Capsulitis I think
First, thanks for putting together this website. Its the most informative site I have found dealing with foot problems.
Last June I started having pain and swelling at the base of the second toe. After a couple of months I got to a podiatrist who said I have capsulitis. I have had three cortisone shots. I last saw the podiatrist 6 weeks after the third shot (January). The shots helped and we both thought the problem would completely heal in 6 to 9 weeks. Its March 22 and I still have the swelling and discomfort when I walk more than a short distance. I'm 61 years old and I really miss walking for exercise. I get along fairly well at work, I just can't walk very far without swelling and sorness.
Is it time for me to go back to the podiatrist? Is this the kind of problem that may stay with me for a long time yet? How long does something like capsulitis take to heal? I would like to avoid surgery, but is surgery a likely option?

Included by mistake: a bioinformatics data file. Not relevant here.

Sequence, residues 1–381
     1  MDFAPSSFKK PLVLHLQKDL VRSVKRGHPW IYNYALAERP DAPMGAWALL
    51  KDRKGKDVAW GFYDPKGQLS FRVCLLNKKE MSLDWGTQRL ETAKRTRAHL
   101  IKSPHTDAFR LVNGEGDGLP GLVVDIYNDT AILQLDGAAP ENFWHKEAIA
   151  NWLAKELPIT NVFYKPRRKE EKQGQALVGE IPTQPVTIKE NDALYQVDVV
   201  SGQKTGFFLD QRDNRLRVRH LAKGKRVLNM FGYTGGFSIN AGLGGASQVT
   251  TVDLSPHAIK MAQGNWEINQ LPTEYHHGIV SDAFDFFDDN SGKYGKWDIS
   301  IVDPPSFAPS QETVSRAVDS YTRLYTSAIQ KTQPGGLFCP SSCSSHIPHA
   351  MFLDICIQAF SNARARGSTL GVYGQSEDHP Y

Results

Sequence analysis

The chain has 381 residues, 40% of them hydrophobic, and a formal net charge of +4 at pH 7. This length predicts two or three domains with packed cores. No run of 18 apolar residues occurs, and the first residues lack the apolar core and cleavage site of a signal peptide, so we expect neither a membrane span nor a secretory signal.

Thanks for the kind words regarding this site....I try.
Anyway, capsulitis sometimes requires more than just cortisone shots, because many times they may be nothing more than temporary and you certainly cannot keep going back for shots.
In most cases the problem with pain on the bottom of the foot is that you keep re-aggravating the problem by overstretching the capsular ligament and thus once again the pain.
What I normally do at this point is add an orthotic with a metatarsal pad (see my section on capsulitis) in an effort to upwardly raise the metatarsal which will keep the ligament from over-stretching. This and some short term anti-inflammatory medication should do the trick.
As far as surgery goes I would seek to avoid that because the goal of surgery is to break the metatarsal bone and elevate it. The problem here is that the end result can be mixed, anywhere from no improvement, to a non-union (fracture does not heal) to the formation of a painful callus on the adjacent metatarsal bones. This type of surgery was popular years ago and the reason it is not done as often anymore is because it has too high a failure rate. But, have your doctor discuss all your options and then come to some agreement on your next move.
Marc Mitnick DPM